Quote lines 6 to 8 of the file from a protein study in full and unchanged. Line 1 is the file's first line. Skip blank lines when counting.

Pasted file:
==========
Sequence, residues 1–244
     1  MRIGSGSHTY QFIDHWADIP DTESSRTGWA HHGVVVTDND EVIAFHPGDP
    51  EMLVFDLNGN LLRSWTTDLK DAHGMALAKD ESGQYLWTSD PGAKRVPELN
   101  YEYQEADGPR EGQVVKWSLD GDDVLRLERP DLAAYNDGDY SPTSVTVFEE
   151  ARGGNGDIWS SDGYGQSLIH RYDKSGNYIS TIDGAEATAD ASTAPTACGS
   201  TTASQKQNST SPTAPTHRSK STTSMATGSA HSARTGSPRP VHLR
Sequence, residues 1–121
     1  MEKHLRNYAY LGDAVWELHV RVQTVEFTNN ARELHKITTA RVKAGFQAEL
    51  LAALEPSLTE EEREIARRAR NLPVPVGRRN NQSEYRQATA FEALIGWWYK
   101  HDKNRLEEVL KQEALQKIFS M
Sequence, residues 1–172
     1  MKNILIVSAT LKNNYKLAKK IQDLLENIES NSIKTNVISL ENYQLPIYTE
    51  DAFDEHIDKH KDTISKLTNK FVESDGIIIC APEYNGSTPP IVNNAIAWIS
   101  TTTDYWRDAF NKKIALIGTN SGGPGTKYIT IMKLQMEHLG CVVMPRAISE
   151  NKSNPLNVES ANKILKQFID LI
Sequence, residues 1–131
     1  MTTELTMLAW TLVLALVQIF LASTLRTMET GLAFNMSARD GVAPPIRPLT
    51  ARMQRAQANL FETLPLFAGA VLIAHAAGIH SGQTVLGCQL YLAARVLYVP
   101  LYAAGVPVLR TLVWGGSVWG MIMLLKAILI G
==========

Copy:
   201  TTASQKQNST SPTAPTHRSK STTSMATGSA HSARTGSPRP VHLR
Sequence, residues 1–121
     1  MEKHLRNYAY LGDAVWELHV RVQTVEFTNN ARELHKITTA RVKAGFQAEL